Ellen Clifford
September 26, 2015 6:04 am

Can a color make something taste better? Can just the knowledge that you are doing a body good help? I am inclined to say that matcha would be delightful even if it weren’t so pretty and healthful, but good looks and nutrients don’t hurt. The Matcha Miracle, by Dr. Mariza Snyder, Dr. Lauren Clum and Anna V. Zulaica, extols the virtues of this green tea, which is produced in a way that its chlorophyll levels increase. It is then ground up and dissolved in hot water, rather than steeping the way most tea does.

Much ritual can surround it. And I immediately had visions of sipping it kneeling, while conquering Zen. Then I realized trying to conquer Zen is probably antithetical to its purpose. So I took the next logical step and made a cup of tea. I did, however follow the instructions for making it which involve using a chosen, or bamboo whisk to stir it up until you get a nice head of froth on top. Then, as instructed by the book I tasted it “with a hearty slurp.” Yes, slurping is the way to go. Particularly if you are drinking from a bowl.

So about all those health benefits! There are quite a few. This tea has off-the-charts levels of antioxidants. The National Cancer Institute has even found it may help prevent cancer. The catechins in it also protect against damage caused by UVB rays. It’s good for the immune system, good for energy and good for your soul. Did I mention it is pretty?

The book goes further in-depth about all the different compounds found in matcha that are beneficial. I am a big believer in psychosomatics, so just thinking this stuff will make me healthy probably works to some extent. Which is good because while all the recipes focus on using natural and organic ingredients, some also toe the line between health and decadence.

The first recipes are just for the basic tea, and some tea drinks. Then it moves into smoothies and next…adult beverages! Yes, I will take some tea with my rum, thank you. Actually, matcha can be mixed with just about any fluid including green juice. I’ve been rather taken with Evolution Fresh’s new line of matcha-infused green juice. It comes in both citrus and coconut flavors. Lemme tell you, I chugged the citrus like thirsty sailor. I wasn’t thirsty, it’s just the juice was that tasty. So if you are not up to finding powdered matcha that is an option.

You can also cook with tea. The breakfast dishes are healthful enough, there are “superfood bowls” and a Matcha Vegetable Hash. The lunch and snacks are varied. There is everything from Candied Matcha Carrots to Matcha Chimichurri. The decadence starts in the dessert chapter, which is naturally where I ended up. I could kid myself that the matcha-infused gluten-free nature of these scones made them the ultimate in sin-free living but that’s silly. Instead I am thinking of them as a treat with a few health benefits to cancel out the bad stuff.

Gluten-free Matcha Cranberry White Chocolate Chip Scones adapted from The Matcha Miracle by Dr. Mariza Snyder, Dr. Lauren Clum and Anna V. Zulaica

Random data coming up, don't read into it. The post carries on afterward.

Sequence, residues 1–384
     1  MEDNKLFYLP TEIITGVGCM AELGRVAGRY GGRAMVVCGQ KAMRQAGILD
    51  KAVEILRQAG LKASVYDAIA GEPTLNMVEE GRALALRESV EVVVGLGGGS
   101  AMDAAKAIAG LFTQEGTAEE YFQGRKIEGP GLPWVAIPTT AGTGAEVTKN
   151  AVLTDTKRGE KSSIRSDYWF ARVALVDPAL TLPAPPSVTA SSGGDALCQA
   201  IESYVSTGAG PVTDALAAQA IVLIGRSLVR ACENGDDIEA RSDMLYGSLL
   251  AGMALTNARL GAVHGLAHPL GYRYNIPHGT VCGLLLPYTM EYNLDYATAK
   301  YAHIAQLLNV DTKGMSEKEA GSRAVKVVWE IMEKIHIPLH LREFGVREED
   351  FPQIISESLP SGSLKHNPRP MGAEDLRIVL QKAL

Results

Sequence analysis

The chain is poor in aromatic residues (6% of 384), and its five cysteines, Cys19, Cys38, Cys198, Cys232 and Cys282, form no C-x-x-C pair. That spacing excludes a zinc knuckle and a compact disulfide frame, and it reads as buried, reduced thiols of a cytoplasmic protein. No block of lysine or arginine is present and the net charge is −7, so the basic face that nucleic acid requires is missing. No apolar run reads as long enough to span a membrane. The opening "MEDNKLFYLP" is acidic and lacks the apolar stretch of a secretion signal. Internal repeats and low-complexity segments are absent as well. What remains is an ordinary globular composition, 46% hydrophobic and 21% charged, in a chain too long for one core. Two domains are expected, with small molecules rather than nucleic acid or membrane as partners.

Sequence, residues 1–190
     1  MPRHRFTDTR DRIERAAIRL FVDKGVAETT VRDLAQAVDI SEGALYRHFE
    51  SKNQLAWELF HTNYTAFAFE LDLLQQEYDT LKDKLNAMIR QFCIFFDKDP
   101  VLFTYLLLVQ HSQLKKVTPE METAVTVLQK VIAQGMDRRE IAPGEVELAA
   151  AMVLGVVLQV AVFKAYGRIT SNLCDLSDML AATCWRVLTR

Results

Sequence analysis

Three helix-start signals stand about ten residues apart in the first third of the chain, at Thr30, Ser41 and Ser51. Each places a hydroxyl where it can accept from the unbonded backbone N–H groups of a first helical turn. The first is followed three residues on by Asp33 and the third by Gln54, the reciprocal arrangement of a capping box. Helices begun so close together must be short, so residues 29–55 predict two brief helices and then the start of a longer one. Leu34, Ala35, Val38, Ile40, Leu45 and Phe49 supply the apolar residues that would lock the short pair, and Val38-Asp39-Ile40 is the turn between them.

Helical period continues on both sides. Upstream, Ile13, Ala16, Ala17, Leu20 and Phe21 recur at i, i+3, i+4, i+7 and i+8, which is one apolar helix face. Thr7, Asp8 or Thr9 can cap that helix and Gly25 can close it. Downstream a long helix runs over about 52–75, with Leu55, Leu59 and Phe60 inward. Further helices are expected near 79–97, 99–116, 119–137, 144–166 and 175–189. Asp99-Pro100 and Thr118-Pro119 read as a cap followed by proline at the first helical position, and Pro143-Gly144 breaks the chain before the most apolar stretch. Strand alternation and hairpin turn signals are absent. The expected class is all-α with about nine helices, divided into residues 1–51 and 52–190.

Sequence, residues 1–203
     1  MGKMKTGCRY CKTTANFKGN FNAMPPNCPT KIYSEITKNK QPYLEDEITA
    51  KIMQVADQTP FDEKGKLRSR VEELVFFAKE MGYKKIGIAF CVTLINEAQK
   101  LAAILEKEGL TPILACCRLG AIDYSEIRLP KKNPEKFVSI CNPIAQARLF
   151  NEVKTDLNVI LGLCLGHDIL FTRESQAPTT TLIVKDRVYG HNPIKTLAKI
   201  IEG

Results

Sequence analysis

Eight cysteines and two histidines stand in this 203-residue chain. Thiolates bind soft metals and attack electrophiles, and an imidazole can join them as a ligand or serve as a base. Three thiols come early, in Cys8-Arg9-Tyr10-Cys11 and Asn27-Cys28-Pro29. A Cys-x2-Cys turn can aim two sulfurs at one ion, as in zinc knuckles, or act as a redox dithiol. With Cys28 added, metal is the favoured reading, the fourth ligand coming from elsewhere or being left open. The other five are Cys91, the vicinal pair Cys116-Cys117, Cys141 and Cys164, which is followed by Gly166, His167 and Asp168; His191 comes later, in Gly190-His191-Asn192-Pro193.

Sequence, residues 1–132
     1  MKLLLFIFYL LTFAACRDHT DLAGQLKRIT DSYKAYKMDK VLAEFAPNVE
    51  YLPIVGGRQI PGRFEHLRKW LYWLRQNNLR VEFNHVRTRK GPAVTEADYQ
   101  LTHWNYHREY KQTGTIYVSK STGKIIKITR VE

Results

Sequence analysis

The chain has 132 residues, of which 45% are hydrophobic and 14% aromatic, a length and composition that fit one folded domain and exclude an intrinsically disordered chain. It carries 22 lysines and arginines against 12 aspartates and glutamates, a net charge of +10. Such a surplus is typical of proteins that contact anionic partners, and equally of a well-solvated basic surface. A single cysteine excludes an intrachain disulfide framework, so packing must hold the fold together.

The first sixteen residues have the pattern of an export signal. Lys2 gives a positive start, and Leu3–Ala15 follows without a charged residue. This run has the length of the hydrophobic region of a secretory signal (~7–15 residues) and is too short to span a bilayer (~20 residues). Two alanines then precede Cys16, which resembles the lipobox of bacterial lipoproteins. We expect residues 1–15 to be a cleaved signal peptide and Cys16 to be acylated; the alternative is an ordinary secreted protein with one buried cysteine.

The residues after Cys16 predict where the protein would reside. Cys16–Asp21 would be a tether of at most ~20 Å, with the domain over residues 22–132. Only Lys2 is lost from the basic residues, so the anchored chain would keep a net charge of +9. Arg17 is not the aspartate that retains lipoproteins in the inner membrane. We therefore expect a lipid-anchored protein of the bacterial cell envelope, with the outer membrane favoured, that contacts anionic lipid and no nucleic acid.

• 2 tsp. matcha green tea powder
  • 1 1/4 cups heavy cream, divided
  • 2 cups gluten-free flour, plus 1/2 cup more as needed (I used Bob’s Red Mill)
  • 1/3 cup brown sugar
  • 2 tsp. baking powder
  • 1 tsp. grated orange rind
  • 1/2 tsp. salt
  • 1/2 cup cold unsalted butter
  • 1 cup dried cranberries
  • 1 cup mini white chocolate chips (I used regular sized by Ghiradelli)
  • pinch salt

Preheat the oven to 350 degrees. Line a baking sheet with parchment paper. In a small bowl, whisk the matcha powder and heavy cream.

In a medium bowl, whisk together the first 2 cups of gluten-free flour, brown sugar, baking powder, orange zest and salt. Chop the butter into 1-inch cubes. Add the butter to the dry ingredients and use a pastry cutter or your own fingers to cut into the flour until it is the texture of coarse crumbs. I used my hands. Add the cream/matcha mixture and stir but don’t blend completely. Add in the dried cranberries and white chocolate. Mix until thoroughly mixed in.

The instructions are to roll out the dough, but mine was thick and sticky and I ended up just patting it out with my hands onto parchment paper. Either way, dust a clean surface (preferably lined with parchment) with the extra gluten-free flour. Roll or pat your dough out until 1 inch thick. Instructions are to use a square cookie cutter to cut the dough out but I used a bench scraper to section it out. Whatever shape you make your scones, put them 1 inch apart on the lined baking sheet. Combine the 1/2 cup of cream with the pinch of salt and brush the tops of the scones. Bake until the bottoms of the scones are golden brown. the book says that should be about 10-12 minutes but mine took a bit longer. Just keep an eye on them until they are done! Then take out, cool, and serve as soon as possible. They will keep for a little while in an airtight container but are AWESOME fresh.

This book and the juices were given to me for my review. All opinions my own and freely given.

I received this copy of the book to review gratis. All opinions are mine.

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